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Joyced!, Hendrick's Library Of Delightfully Peculiar Writings, Brighton, May 26
Katie O’Kelly is a talented character actress. She has a real talent for evoking personalities through facial expressions alone and switched from squawking chicken to hard-drinking Dubliner with an ease and flow few Fringe performers could match.
Indeed, in Joyced!, she brought 22 different people from James Joyce’s novels to life - assisted only by a trunk, a chair, a straw boater and a set of black wings - without fluff or stumble.
Yet undertaking such a Herculean challenge in less than 45 minutes as a soloist made the show a struggle to follow.
The piece was penned by her father Donal to mark the 100th anniversary of Bloomsday in 2004: James Joyce set Ulysses on June 16, 1904. O’Kelly has compressed Donal’s play down, which begs the question - what must the show have been like before?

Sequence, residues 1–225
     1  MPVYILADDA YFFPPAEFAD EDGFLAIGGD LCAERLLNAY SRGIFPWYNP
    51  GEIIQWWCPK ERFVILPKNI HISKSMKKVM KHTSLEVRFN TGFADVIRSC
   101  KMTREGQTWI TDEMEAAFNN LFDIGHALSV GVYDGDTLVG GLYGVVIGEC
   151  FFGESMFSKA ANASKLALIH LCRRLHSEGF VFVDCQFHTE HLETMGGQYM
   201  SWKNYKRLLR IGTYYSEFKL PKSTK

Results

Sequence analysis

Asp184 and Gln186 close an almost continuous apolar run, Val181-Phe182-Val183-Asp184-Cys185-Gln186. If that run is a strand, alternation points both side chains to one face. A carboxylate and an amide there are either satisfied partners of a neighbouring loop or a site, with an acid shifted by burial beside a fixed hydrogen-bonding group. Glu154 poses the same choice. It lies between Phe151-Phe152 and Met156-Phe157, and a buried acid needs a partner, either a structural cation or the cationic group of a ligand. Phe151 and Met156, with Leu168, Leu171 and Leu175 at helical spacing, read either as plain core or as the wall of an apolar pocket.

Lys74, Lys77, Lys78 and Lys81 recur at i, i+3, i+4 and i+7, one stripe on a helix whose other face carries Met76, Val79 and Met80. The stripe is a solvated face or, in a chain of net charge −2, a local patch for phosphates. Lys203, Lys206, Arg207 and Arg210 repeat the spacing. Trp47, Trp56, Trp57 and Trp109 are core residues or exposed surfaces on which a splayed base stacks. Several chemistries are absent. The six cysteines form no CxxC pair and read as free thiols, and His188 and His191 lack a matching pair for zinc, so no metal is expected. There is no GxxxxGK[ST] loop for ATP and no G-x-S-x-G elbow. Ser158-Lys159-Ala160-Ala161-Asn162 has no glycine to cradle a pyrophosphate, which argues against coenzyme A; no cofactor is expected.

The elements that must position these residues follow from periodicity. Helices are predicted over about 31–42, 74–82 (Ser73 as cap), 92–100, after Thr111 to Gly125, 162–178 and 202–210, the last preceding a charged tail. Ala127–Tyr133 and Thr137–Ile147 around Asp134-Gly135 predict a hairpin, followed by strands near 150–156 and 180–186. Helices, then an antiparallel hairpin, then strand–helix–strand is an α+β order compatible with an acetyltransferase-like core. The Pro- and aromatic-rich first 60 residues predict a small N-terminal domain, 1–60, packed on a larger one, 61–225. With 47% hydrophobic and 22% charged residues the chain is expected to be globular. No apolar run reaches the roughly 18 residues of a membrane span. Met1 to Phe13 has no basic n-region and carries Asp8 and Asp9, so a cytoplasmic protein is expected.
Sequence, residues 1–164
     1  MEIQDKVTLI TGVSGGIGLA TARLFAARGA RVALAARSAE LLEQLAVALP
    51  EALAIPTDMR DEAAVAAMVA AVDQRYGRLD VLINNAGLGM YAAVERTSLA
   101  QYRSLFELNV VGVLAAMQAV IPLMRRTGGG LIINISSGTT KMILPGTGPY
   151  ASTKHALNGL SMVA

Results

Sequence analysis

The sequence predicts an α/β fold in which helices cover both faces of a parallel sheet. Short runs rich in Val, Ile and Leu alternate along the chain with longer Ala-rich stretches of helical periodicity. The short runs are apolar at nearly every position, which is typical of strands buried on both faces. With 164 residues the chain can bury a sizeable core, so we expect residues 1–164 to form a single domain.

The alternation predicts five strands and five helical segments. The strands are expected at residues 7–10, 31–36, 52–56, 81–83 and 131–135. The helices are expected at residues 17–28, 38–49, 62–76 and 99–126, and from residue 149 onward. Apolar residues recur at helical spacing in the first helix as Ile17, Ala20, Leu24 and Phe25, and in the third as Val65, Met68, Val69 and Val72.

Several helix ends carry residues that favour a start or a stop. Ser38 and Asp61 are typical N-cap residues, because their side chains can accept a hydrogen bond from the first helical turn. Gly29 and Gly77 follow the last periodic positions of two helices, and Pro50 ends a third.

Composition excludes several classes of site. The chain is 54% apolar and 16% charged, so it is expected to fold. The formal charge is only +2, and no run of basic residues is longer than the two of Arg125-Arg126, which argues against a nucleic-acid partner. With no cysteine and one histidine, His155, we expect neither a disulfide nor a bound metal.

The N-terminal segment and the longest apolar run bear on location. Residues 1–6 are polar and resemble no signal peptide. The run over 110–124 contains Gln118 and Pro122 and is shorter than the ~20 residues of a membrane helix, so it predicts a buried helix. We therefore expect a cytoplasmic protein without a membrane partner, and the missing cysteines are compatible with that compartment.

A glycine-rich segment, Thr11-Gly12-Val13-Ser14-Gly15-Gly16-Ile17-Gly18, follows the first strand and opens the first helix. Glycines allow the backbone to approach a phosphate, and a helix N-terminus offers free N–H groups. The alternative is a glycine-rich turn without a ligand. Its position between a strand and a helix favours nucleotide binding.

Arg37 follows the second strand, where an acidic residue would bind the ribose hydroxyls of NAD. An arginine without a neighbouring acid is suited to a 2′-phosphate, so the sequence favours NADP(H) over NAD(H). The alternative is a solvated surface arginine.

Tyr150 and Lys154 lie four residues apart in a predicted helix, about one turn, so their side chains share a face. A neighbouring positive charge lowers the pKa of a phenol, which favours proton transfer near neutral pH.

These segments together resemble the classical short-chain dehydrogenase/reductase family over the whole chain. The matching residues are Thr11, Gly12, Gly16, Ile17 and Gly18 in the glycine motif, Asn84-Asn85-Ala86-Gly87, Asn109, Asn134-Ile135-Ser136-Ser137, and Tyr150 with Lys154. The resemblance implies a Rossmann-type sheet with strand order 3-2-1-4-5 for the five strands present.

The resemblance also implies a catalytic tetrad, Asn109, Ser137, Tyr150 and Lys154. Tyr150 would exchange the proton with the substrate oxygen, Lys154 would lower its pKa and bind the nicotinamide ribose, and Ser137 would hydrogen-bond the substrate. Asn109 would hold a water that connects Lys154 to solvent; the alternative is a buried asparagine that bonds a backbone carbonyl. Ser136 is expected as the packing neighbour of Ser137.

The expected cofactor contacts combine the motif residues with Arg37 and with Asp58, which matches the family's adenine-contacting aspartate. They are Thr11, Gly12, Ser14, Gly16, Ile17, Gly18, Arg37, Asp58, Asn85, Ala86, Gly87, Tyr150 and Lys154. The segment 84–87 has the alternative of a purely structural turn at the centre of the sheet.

Those with an academic knowledge of Joyce’s work would have chuckled under their breath as O’Kelly flitted between characters as rapidly as a blinking eye. The casual Joycian reader will have savoured periods of slick prose.
But anyone in the audience with no prior knowledge of Joyce would have been completely lost. The long streams of consciousness reflected the more testing parts of Ulysses where readers switch off or labour through.
O’Kelly said the show aimed to encourage more people to read Joyce. The only problem is it should be done before the show, not after.
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